NEW BERN, N.C.—One of the more interesting aspects of editing Radio World Engineering Extra is the occasional field trip to see some of our industry leaders. In November, I got the chance to visit Wheatstone Corp. in the small town of New Bern, N.C. It is a classic, U.S.-based manufacturing company: In one end come raw materials such as steel, wood, plastic and electronic components. Out the other side, finished products emerge as audio systems, consoles, routing switchers and audio processing. While the broadcast industry has had its share of large corporations to support its growth, it is also notable for the number of relatively small and agile companies that have been important players over the years. Many of these companies were founded by individual engineers or inventors who saw a need in the broadcast business and moved to fulfill it.
Laser used to cut custom steel parts for consoles and equipment chassis. Dimensions are finer and can achieve precision cutouts impossible for a traditional steel punch press. Unlike mass-market industries, broadcasting is more of a boutique business. Before consolidation, radio stations were all built one by one; service and customization were essential requirements. Even today it remains a business where purchases are most often made in small quantities.
Wheatstone is a good example of just this style of manufacturing. Completed items can often be traced back to the individual assembler that put in the last screw or finishing touch. Each system is assembled and tested individually before it is shipped to the customer. The exact configuration of any system is flexible and can be specified exactly as needed, whether a single studio with just a few faders or a set of large control systems at the heart of an enormous multi-station consolidation. Interconnections can be analog, AES digital, Ethernet or IP and in the exact number and type of each as ordered by the customer. There is a range of customization available for even the smallest systems.
Although it sounds strange, customers are looking for a custom experience when it comes to software too these days. By this I don’t mean that customers want the ability to write their own code necessarily, but they are concerned about the range of configuration choices and options that used to be hardware-based and now are done via software. The GUI is the new greenie tweaker.
Pick and place machine used to assemble surface mount component circuit cards. This machine is capable of placing eight components per sweep with an accuracy of 0.0001 inches. A good example of how this works in broadcasting occurs in audio processing. Wheatstone’s latest designs feature literally hundreds of controls that are settable in software. To help simplify setup, Wheatstone offers a customization service that will develop audio settings to your specifications. This is a subjective task and one that can really only be done by people using their ears to listen to the final product.
In their audio processor lab, Wheatstone has available both new and “classic” processors with analog and digital exciters coupled to modulation monitors. A customer can request a particular sound, perhaps to match an existing model of processor with a particular kind of music. Wheatstone can then work the configuration settings to match those requests in the lab before the new processor ships.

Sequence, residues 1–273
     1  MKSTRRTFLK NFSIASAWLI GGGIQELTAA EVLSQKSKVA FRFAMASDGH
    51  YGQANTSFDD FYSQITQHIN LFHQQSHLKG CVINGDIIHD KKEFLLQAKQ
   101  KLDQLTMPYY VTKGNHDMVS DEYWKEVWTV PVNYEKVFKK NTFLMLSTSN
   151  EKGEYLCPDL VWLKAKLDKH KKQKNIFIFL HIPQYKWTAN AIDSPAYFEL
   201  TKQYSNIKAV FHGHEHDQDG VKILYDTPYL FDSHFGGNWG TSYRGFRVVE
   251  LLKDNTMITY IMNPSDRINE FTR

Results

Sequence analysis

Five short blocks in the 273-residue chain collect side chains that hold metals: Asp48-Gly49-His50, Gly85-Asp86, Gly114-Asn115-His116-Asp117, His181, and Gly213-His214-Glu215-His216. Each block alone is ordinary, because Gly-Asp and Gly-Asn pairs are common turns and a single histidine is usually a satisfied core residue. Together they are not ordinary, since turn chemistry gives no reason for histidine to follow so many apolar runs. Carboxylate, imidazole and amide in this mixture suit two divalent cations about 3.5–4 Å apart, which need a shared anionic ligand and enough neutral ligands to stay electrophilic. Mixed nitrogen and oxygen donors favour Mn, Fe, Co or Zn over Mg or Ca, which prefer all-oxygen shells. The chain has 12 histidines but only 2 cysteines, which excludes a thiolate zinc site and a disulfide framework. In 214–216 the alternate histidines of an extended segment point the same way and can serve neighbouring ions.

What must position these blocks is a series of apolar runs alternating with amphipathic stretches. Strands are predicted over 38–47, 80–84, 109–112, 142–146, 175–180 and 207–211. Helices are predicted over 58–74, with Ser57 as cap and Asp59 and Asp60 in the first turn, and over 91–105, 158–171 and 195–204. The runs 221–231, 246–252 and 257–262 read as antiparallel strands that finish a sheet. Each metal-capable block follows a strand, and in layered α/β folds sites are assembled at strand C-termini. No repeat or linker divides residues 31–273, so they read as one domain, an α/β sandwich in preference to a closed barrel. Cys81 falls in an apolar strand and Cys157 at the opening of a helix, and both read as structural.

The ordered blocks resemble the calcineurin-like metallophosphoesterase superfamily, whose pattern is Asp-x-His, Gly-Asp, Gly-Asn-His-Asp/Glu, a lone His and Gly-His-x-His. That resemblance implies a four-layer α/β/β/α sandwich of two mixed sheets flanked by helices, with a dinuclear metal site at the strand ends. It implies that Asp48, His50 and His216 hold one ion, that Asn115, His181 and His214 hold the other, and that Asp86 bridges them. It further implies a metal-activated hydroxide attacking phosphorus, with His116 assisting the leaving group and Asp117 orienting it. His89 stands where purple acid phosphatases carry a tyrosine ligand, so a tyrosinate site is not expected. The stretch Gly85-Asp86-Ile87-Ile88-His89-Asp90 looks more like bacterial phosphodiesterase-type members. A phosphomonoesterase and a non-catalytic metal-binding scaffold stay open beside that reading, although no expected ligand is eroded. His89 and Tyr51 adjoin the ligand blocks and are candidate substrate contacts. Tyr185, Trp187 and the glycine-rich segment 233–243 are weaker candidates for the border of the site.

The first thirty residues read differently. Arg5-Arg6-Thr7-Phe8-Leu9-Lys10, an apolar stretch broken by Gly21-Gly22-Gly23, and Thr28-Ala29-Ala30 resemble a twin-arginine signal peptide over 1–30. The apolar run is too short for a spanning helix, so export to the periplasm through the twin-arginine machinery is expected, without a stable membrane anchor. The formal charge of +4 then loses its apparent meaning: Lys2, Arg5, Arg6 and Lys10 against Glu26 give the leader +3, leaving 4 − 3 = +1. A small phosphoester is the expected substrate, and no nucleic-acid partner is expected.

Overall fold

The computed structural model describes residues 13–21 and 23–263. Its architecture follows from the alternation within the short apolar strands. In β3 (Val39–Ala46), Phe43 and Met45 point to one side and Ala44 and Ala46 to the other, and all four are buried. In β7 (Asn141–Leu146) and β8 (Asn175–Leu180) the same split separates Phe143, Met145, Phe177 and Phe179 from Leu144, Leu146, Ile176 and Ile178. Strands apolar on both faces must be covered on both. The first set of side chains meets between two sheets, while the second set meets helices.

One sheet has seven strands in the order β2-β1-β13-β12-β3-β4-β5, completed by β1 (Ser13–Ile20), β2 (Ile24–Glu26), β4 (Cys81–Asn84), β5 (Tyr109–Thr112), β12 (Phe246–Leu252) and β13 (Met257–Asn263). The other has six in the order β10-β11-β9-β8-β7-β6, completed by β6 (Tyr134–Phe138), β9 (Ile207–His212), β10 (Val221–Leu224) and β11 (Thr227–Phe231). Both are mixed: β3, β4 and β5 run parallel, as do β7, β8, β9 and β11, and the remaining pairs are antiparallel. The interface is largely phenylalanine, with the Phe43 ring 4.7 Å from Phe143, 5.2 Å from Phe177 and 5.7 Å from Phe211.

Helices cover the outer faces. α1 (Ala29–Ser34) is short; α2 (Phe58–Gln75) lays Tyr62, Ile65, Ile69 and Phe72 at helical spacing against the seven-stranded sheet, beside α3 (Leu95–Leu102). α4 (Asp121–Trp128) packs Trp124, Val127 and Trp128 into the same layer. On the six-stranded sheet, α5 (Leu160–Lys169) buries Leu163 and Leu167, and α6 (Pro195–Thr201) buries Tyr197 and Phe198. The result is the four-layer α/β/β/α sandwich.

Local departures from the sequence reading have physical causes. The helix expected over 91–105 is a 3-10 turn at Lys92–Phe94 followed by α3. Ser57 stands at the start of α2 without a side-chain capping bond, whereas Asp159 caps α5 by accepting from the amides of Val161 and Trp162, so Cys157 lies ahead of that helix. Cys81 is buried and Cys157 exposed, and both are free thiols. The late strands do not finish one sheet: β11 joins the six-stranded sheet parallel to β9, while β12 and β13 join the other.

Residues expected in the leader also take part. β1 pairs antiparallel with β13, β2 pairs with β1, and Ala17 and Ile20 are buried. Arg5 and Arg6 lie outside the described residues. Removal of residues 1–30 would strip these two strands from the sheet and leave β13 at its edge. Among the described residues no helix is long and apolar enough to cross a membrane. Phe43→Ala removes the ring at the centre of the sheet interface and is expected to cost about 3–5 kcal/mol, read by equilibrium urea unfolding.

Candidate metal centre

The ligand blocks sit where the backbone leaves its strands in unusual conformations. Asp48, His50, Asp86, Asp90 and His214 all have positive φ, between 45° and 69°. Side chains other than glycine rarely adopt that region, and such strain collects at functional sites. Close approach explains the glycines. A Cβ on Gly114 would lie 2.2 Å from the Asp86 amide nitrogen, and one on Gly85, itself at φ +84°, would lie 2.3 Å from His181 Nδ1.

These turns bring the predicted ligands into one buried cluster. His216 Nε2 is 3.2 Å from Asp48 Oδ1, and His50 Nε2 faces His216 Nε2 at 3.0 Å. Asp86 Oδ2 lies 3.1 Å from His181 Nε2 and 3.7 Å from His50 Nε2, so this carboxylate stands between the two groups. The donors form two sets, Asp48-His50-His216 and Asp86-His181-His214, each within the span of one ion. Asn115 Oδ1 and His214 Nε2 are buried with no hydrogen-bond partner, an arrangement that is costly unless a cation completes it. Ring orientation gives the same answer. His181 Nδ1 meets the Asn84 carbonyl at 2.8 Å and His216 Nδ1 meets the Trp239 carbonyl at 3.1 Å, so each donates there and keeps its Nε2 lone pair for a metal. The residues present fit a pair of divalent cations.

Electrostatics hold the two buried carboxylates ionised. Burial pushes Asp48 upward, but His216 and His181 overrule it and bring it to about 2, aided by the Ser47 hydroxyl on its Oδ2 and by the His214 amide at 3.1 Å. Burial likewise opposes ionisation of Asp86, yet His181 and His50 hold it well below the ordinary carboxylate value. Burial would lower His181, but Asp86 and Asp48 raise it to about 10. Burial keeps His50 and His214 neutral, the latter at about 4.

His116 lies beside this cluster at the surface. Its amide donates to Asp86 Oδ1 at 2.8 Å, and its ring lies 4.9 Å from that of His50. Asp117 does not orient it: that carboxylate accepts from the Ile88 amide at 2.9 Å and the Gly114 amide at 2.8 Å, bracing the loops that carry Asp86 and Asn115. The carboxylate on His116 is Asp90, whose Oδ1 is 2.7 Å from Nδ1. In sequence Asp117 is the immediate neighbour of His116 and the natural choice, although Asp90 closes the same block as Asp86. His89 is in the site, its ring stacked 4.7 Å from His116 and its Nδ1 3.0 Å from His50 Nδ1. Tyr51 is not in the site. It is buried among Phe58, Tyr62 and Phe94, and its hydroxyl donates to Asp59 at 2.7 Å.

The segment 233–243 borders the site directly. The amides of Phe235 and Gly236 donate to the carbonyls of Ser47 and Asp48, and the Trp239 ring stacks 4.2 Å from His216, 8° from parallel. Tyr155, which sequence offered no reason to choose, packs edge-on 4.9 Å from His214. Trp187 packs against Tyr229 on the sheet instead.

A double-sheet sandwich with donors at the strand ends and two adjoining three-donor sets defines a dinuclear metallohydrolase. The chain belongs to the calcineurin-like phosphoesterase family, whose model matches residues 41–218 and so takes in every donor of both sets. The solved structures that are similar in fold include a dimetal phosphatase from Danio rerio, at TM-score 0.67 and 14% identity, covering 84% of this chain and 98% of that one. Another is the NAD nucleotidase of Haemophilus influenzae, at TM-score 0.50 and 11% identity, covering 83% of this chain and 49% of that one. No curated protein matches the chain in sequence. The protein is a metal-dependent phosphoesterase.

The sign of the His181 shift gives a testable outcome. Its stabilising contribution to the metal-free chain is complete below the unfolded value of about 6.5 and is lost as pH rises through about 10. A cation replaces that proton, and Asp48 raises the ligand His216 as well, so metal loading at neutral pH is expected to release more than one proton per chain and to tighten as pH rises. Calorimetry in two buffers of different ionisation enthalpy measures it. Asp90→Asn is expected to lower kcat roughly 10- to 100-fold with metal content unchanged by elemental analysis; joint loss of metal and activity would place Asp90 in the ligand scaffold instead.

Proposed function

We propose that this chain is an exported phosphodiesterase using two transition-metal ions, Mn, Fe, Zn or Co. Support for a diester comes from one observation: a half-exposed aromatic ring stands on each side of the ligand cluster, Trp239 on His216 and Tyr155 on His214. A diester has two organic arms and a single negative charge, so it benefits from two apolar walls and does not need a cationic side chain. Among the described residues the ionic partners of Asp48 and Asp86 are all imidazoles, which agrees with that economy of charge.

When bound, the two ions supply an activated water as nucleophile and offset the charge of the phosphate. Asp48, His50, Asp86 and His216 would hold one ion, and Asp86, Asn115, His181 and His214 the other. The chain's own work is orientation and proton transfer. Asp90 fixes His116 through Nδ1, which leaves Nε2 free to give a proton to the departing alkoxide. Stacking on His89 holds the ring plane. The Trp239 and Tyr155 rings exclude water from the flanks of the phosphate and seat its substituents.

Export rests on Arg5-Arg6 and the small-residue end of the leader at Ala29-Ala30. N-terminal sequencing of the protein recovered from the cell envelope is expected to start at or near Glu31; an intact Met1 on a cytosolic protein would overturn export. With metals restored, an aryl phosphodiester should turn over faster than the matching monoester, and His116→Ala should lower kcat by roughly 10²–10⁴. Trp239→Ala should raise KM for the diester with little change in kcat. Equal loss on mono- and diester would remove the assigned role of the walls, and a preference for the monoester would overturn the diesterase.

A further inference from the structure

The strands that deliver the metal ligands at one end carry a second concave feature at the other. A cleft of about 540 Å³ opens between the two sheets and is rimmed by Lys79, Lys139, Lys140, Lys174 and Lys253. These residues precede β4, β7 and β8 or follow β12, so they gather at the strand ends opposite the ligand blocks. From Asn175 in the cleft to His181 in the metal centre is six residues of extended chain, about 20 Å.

This module strip from the new LX series uses a new powder coat paint process with the labels etched using a small laser. The result is dramatic contrast and more durability than obtained with traditional silkscreen techniques. So what did I see during my visit to the New Bern headquarters? There was the latest in modern equipment for making surface mount hardware, which transforms a computer file and spools of components into an assembled card. A specialized camera system is used to take high-resolution photographs of the finished boards that can detect within thousandths of an inch if a component is misplaced or improperly soldered.
For mechanical parts there’s a laser steel cutter that cuts patterns too intricate for a traditional punch machine. New to the floor was a multi-axis CNC milling machine busily drilling patterns into aluminum panels. In another corner, a computer controlled milling machine cut out wooden chassis ends.
Wheatstone takes pride in deploying the latest and best technology available to manufacture their equipment. This was apparent in how eager the line workers were to show off what their equipment could do for an outside visitor like myself. Their investment in technology has paid off in high quality and higher productivity; according to President Gary Snow, the output from this factory has more than doubled over the last five years while the number of people required to run it remains about the same.
CNC milling machine. Using a computer program and exchangeable heads, this device, shown working on a set of module plates, can mill holes and panel openings with precision to about 0.001 inches. It seems that when we speak about modern manufacturing the torch has been passed to other countries and overseas. That’s why it’s so refreshing to see a company like Wheatstone so committed to making their products in the United States.
My thanks to the kind staff at Wheatstone for their hospitality in showing me around the factory floor and tolerating my endless questions and interruptions. In particular thanks to Gary Snow for making the tour possible, and Vice President of Engineering Andrew Calvanese for an interesting conversation about the future of audio technology. And finally, my thanks to patient and helpful Eastern U.S. Sales Engineer Phil Owens for shepherding me around so that I would not miss anything. I enjoyed this tour immensely and was impressed at every turn.
Michael LeClair is chief engineer for radio stations WBUR(AM/FM) in Boston.
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